U.S. general plans more Baghdad garrisons

BAGHDAD – The new commander of American forces in Baghdad plans to increase the number of local garrisons across the Iraqi capital even as U.S. troop levels drop in the coming months.

Moving soldiers out of relatively safe bases and into Baghdad’s dangerous streets was a key element in the counter- insurgency strategy implemented by the commander of U.S. forces, General David Petraeus, when he arrived a year ago.

The tactic has been vital to the U.S. military’s goal of not just clearing neighborhoods of militants but then holding them.

Major-General Jeffery Hammond told foreign journalists on Tuesday that he had a total of 75 joint security stations and combat outposts in Baghdad and planned to add another dozen of each from now until June.

U.S. forces live and operate with Iraqi forces in such garrisons.

“I’m extending our reach even further than what it is now to be less predictable and to push ourselves into locations where maybe in the past we didn’t go before,” Hammond said.

“I don’t want there to be any place in Baghdad where al Qaeda or anyone else can start to take hold because we’ve ignored that particular (area).”

Hammond said at least two joint security stations were being set up now in Baghdad where he believed there was an al Qaeda “nerve”. He declined to give the location.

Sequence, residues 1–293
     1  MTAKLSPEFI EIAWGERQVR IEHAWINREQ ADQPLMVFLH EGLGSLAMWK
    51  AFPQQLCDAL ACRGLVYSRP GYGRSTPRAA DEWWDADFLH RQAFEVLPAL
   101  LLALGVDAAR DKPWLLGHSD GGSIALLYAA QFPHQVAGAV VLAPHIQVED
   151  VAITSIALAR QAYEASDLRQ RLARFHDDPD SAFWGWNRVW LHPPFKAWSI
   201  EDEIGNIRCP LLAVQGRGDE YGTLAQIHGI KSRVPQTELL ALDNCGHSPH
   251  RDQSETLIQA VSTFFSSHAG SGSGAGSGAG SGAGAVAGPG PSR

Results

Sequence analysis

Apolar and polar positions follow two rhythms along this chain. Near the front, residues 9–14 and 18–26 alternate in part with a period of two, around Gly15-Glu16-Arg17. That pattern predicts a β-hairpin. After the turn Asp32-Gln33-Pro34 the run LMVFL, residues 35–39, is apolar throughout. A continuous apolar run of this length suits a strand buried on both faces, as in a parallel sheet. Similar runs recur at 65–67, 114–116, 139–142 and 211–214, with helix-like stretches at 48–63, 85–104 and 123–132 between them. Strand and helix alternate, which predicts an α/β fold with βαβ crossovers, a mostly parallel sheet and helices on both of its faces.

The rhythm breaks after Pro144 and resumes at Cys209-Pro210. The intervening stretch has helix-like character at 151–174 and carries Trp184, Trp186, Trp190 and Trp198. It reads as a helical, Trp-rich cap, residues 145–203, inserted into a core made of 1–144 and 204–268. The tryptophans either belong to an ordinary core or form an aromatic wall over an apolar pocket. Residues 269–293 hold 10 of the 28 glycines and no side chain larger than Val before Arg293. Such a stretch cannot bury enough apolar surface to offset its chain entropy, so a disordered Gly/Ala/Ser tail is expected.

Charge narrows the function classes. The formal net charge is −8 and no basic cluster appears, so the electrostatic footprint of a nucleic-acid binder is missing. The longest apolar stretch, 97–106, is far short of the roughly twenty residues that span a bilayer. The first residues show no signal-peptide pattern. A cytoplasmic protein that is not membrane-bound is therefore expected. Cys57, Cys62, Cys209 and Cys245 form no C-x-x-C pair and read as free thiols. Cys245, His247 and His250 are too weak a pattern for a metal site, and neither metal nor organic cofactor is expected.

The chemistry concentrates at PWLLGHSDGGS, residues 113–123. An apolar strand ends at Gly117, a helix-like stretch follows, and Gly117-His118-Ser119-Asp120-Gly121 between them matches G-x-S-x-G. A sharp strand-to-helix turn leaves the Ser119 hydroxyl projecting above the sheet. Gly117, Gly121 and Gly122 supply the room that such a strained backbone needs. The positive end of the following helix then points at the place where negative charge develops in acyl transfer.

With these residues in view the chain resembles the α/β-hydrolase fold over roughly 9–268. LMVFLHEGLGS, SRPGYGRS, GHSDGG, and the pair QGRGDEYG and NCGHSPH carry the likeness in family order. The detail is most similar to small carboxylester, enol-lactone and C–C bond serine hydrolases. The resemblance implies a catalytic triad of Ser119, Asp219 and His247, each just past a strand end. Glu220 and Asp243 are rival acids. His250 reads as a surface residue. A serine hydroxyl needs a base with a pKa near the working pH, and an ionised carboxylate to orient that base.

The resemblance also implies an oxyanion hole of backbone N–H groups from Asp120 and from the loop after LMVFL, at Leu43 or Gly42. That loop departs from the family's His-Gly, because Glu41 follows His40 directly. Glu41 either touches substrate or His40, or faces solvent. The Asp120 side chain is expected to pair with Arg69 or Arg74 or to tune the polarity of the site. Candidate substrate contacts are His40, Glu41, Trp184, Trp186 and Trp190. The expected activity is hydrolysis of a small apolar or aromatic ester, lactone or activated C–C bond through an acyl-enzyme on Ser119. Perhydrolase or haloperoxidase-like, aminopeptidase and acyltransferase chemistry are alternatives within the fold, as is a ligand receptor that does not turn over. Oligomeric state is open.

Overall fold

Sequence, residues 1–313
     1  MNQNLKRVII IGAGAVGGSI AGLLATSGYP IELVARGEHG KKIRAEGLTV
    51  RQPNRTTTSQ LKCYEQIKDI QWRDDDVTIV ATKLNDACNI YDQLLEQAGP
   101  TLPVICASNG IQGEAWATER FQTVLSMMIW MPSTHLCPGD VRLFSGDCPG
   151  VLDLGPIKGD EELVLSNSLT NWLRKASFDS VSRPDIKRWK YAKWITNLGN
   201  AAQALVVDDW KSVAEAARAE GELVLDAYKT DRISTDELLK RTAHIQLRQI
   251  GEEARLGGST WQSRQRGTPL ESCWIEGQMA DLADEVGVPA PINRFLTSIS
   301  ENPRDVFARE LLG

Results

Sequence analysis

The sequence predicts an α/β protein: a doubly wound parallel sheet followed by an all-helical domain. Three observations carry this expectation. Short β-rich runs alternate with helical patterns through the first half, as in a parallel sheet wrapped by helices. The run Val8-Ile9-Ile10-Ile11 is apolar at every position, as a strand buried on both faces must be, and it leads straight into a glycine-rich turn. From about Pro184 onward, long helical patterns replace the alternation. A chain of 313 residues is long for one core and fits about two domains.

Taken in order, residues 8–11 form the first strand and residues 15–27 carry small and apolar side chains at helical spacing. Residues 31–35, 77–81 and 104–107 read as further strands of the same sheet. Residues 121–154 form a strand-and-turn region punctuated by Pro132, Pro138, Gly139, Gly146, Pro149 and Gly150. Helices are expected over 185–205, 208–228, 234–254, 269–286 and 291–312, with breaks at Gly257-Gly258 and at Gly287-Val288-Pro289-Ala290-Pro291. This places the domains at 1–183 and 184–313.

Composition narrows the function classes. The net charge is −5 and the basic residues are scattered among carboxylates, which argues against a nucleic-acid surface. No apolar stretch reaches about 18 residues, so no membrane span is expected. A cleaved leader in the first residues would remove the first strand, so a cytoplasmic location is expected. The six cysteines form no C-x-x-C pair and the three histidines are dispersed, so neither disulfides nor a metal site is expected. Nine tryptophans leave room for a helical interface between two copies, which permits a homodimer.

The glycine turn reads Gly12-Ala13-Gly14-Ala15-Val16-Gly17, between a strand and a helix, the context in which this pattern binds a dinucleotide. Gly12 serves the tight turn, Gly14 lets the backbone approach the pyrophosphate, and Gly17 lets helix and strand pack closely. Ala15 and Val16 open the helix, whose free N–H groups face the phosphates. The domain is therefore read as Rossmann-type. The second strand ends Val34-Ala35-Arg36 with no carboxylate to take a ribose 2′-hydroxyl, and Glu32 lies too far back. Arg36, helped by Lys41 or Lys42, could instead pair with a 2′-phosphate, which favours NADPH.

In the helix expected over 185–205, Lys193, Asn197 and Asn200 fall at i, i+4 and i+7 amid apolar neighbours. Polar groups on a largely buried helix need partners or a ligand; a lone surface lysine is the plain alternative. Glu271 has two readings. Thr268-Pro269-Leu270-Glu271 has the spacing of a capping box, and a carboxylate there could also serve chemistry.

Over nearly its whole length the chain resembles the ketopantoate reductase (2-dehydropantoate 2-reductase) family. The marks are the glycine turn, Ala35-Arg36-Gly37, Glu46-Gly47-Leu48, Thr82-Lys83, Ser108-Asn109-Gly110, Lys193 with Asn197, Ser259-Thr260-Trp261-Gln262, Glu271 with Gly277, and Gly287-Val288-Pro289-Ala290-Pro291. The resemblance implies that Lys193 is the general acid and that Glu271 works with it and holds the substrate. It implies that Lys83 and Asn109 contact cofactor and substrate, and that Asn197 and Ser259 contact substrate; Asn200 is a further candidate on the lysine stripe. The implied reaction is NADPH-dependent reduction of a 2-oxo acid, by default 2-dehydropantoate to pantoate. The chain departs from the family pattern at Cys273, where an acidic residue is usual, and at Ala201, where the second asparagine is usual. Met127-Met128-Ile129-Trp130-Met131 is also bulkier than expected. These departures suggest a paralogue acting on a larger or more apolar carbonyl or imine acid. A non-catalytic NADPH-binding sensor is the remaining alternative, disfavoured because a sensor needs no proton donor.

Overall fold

The U.S. military calls Sunni Islamist al Qaeda the greatest threat to peace in Iraq. U.S. commanders have previously said there was no place in Baghdad where al Qaeda had a foothold.

Most of the 30,000 extra troops sent to Iraq last year were deployed in Baghdad, which was the epicenter of sectarian bloodletting between majority Shi’ites and minority Sunni Arabs in 2006 and early 2007.

Hammond, who assumed his post last month, described the change in the city’s security conditions as “remarkable”.

He acknowledged he would have fewer forces as U.S. troop numbers across Iraq fall by more than 20,000 through to the middle of the year under a plan endorsed by Petraeus following security gains. There are around 150,000 U.S. troops in Iraq.

“It will be less, which means I’ve got to do everything within my power to make the adjustments that are necessary on the ground to sustain security,” Hammond said, adding he was not sure how his troop numbers would change.


Another key factor behind better security in Iraq has been the creation of neighborhood patrols comprising around 80,000 men, most of whom get paid a monthly wage of about $300.

The U.S. military, which calls the men “concerned local citizens”, has always said deployment of such units would be temporary, with around 20 percent expected to join the Iraqi security forces and other jobs found for the rest.

Hammond said he would like to see the units scaled down over time as more security responsibility was picked up by local police, but added there would not be a hasty reduction.

“We are not going to make some of the mistakes that we have made in the past and that’s turning over too quickly any piece of Baghdad,” he said.

Asked about rising attacks against neighborhood patrols, which are mainly blamed on al Qaeda, Hammond said: “The big question is will the CLCs stand shoulder to shoulder … Right now, I see no indications whatsoever of the CLCs backing down.”

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